Fundraisers understand that their nonprofit has an identity, one that competes with other brands for attention and a share of the philanthropic pie. The identity represents what the organization stands for, what it does, and why that matters to the community, the state or region, even the world. An organization’s identity is influenced by its mission and values; strategic priorities; marketing and communication efforts; the head of the organization as well as the staff, alumni, and donors; its bricks and mortar; news coverage; the storytelling; and so much more. Strong philanthropic brands embrace their identity and use it to deliver their mission and engage those supporters passionate about that mission.

When donors strongly identify with a nonprofit’s brand, their engagement with the organization and their motivations for supporting it evolve from the rational to the emotional. The brand becomes part of who they are and what they value. It represents what they care about and is often a testament to their belief that positive change is possible and that they can be part of solving problems and overcoming challenges. Each and every area of a fundraising program touches the brand and either brings it to life and strengthens it or can cause disconnects and diminishes it. While an engaging and memorable event can rally people together and boost the brand identity, a misspelled name, inaccurate gift acknowledgment, or delayed recognition can just as quickly undermine it.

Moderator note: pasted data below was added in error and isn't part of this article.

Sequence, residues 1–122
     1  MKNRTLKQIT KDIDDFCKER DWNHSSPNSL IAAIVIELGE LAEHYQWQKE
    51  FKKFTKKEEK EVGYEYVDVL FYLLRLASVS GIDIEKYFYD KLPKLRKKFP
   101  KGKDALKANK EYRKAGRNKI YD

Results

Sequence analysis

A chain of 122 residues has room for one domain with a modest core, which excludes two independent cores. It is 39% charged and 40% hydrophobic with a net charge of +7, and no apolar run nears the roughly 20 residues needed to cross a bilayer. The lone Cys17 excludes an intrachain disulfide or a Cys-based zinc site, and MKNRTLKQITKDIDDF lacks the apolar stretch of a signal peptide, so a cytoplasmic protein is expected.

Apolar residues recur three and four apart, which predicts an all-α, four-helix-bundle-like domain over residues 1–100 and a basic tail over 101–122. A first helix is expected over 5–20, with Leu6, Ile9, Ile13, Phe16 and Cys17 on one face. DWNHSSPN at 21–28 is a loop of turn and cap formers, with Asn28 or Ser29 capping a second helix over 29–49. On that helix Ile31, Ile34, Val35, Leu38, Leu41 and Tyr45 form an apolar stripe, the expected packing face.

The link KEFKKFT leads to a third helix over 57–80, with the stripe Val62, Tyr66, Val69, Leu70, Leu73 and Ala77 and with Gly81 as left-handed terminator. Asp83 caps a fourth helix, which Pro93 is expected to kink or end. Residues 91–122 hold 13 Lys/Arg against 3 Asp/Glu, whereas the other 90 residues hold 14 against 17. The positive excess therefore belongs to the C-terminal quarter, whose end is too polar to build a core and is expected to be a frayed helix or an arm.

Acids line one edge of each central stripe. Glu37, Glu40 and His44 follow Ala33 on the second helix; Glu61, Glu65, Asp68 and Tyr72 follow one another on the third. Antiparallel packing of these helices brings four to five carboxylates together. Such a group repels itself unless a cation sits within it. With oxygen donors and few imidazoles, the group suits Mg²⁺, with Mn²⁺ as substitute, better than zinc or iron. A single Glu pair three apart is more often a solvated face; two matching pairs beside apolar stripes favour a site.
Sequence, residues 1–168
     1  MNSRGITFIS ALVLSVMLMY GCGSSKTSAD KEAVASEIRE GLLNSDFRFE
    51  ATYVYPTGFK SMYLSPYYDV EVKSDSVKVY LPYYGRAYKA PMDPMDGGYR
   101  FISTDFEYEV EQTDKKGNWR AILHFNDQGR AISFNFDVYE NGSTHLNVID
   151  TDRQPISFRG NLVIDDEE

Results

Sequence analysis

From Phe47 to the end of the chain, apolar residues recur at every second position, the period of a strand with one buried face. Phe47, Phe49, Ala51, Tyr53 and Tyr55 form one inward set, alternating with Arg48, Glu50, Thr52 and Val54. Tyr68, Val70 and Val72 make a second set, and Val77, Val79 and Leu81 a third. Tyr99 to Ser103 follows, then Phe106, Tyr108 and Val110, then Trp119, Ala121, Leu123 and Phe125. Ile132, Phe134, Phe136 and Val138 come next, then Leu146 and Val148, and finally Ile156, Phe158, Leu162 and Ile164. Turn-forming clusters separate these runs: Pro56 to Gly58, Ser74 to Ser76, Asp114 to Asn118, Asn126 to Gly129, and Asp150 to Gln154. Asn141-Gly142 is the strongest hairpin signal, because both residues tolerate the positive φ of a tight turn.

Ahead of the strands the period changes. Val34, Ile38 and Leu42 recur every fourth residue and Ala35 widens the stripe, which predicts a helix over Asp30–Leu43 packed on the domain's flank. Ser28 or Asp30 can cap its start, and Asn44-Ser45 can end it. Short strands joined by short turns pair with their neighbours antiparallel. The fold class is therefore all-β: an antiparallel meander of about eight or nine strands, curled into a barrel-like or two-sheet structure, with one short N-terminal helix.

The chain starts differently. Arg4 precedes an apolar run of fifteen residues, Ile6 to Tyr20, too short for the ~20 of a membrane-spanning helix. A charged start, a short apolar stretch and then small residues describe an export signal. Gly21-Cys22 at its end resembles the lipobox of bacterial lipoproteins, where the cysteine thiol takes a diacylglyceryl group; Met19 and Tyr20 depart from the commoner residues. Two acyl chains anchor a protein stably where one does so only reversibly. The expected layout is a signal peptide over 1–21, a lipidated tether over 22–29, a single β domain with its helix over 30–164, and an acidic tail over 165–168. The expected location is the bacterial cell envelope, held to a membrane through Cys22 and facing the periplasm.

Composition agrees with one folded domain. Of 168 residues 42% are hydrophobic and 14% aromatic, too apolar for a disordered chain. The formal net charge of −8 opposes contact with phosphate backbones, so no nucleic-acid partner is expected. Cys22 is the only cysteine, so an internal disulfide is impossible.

Steps to Maximizing Your Brand’s Impact

Several tried and true steps will ensure that you’re utilizing your nonprofit brand to achieve maximum impact:

  • First, determine your brand attributes and personality (its DNA, if you will). If you’re part of a much larger organization, such as a university or a hospital system, then your philanthropic brand must be in sync with the larger parent brand. The attributes will underpin the decisions you make about interacting with your constituents at every touchpoint and help ensure you stay on brand.